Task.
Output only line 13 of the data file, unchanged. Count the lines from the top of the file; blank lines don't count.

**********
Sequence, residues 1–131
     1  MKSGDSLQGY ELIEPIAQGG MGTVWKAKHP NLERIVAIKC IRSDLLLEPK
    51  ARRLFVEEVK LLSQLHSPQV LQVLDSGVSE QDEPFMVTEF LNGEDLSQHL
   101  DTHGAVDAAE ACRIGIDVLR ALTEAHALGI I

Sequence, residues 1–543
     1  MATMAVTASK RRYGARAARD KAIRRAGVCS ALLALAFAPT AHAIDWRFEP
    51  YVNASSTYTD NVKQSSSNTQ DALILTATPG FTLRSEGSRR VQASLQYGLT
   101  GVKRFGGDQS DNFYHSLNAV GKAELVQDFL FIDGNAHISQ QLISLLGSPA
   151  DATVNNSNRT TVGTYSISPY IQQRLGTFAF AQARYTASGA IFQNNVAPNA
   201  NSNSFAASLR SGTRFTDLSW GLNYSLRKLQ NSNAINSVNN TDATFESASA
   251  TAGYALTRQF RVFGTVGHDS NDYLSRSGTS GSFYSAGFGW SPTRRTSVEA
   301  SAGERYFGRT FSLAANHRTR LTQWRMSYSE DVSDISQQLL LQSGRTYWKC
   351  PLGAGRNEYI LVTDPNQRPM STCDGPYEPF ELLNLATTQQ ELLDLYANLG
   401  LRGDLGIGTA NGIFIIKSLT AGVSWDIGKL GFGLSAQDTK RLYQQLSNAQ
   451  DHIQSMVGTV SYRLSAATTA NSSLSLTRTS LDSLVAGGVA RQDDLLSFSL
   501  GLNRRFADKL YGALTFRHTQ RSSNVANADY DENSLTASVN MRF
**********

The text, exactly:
   351  PLGAGRNEYI LVTDPNQRPM STCDGPYEPF ELLNLATTQQ ELLDLYANLG